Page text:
Does Catnip Really Make a Cat High

Like most cat owners, I buy catnip filled toys for my cats and sometimes buy a bag of dried catnip and sprinkle on the floor for them to enjoy. But there’s nothing better than a fresh sprig of catnip to really make my cats happy. I have a nice size plant growing in my yard alongside my garden the resident neighborhood cats like to enjoy from time to time, and there’s plenty to share with them and my cats. Besides, I get a chuckle watching any cat enjoying the plant. Some cats go bonkers when they are around catnip, but does it really make a cat high?

Not all felines like catnip and it affects cats differently. It can alter their behavior and cause aggressive reactions in some cats. One of my cats can become so aggressive, he will attack one of the dogs if they get too close to his “stash” of catnip. Other cats could care less and some become more playful or mellow. It’s the essential oil, Nepetalactone found in the leaves and stems that attracts cats to the plant.

The catnip plant
Catnip is a member of the mint family, but it’s not one of the more aromatic plants for us to smell. To me, it’s a musty mint smelling herb and it has other uses besides as a mood altering weed for cats. There’s around 250 species of catnip, but the one cats like the best is the Nepeta Cataria species. Catnip is not a native plant and was brought to North America from Europe, Africa, and Asia. However, it grows well in our environment and is widespread across America and Canada. It’s also known as catswort or catmint. All plants in the mint family are easy to grow and hardy enough to make through the cold winter months.

Fresh vs dried
Dried catnip is found in many cat toys and you can buy it in bag form in most stores that sell pet supplies. My cats seem to enjoy chewing and playing with a fresh sprig of catnip over the dried herb in a cat toy. However, most cats that enjoy catnip don’t care if it’s fresh or dried.

How it affects cats
Nepetalactone is an essential oil found in the leaves and stems and is what attracts cats to the plant. Felines that are stimulated by catnip don’t need any encouragement to play with a catnip toy or the fresh herb. They begin by rubbing their face on a toy and may lick it before getting into their catnip antics. When a cat is given fresh catnip, they begin by sniffing it and biting the leaves. Then they may rub their face against it. After rolling around on the plant for awhile, most cats will finally nibble on it and some will eat it.

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Fresh catnip doesn’t have much of an odor until the leaves are bruised. Cats roll on the leaves and bite them to release the oil which brings out more of the odor. A cat’s “high” will last about 10 minutes. For cats that eat catnip, it acts like a sedative and the cat goes away to rest. When the effect wears off, she’s back and ready for more.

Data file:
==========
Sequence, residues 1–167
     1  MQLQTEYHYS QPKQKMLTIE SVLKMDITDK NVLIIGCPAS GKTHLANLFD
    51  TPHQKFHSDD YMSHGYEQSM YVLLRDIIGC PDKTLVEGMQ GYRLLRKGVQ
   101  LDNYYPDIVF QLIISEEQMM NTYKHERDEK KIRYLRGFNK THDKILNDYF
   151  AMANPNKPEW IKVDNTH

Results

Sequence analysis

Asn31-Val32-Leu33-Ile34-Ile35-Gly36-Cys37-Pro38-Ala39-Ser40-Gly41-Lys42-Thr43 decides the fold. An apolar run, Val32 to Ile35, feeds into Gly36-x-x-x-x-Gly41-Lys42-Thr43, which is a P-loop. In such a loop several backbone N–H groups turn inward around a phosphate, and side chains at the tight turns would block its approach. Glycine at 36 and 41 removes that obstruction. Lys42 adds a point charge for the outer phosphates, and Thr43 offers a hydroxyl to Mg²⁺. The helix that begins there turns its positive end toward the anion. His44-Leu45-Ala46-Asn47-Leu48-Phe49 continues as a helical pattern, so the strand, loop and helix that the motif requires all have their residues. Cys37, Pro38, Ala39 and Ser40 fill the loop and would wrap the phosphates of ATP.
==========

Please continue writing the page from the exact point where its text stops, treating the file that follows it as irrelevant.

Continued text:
Scientists aren’t really sure why cats get a “high” from catnip, but they believe it’s because the oil acts like a cat pheromone and causes some cats to react to it. Only around 50 percent of cats find catnip to be alluring, and 33 percent could care less about it. It’s believed a like or dislike to catnip is hereditary. It doesn’t matter if a cat is male, female, has been fixed or is still intact. All cats, domesticated and wild, respond to catnip in the same way. For the most part, young kittens under 8 weeks of age, and older cats aren’t affected at all by catnip, but there’s always exceptions.

Despite claims that have been made, catnip is not a distant relative to marijuana and is only related biochemically to marijuana and other hallucinatory drugs. Never give your cat marijuana or any other drug. Cats don’t react at all to it and the drug can make her extremely sick or cause death.

Other uses for catnip
The plant has a soothing effect for humans, as well as for cats, and can be brewed into a calming tea to drink. Because of its sedative properties, catnip tea can help with insomnia. Catnip can be used to help calm an upset stomach, treat headaches, migraines, help control coughing, and relieve symptoms of asthma. It has a natural healing ability and can be used on cuts, for muscle aches and pains, toothaches, hemorrhoids, as an antibiotic, astringent, as well as other uses. Some people use it in salads and to enhance their cooking. Pregnant women should consult with their doctor before using catnip.

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The active oil in catnip, Nepetalactone, is more effective in repelling mosquitoes than DEET and is 10 times better. It can also help chase away cockroaches, rats, and mice. Like the other members of the mint family, catnip helps repel fleas, as well.

Catnip is perfectly safe for your cat to ingest and roll around on as long as she doesn’t get carried away and eat too much. If she vomits or has diarrhea after eating it, don’t let her have it unsupervised and limit the amount she can have. Most cats will not overdo it and stop before problems occur. In other words, it’s a “high” your cat can control and it’s not addictive.

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